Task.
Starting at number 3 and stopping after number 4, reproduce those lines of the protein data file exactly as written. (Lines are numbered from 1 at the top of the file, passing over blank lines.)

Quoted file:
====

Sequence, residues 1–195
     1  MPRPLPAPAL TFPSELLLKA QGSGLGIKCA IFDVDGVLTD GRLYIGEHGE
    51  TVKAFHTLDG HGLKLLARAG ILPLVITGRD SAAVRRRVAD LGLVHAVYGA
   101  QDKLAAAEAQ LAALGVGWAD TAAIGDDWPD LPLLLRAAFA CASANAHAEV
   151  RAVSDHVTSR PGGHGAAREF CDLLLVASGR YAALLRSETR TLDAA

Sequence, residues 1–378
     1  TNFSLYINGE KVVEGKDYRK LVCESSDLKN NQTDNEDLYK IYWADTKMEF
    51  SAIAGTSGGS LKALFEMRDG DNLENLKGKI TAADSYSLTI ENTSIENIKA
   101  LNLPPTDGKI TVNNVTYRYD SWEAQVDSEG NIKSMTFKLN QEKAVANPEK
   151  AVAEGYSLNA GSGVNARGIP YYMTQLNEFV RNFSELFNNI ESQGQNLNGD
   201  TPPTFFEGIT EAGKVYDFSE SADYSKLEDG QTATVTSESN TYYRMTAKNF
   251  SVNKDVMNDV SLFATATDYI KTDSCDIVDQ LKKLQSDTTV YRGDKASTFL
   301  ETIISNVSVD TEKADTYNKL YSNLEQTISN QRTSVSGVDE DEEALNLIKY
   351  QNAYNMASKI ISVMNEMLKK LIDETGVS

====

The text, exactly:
    51  TVKAFHTLDG HGLKLLARAG ILPLVITGRD SAAVRRRVAD LGLVHAVYGA
   101  QDKLAAAEAQ LAALGVGWAD TAAIGDDWPD LPLLLRAAFA CASANAHAEV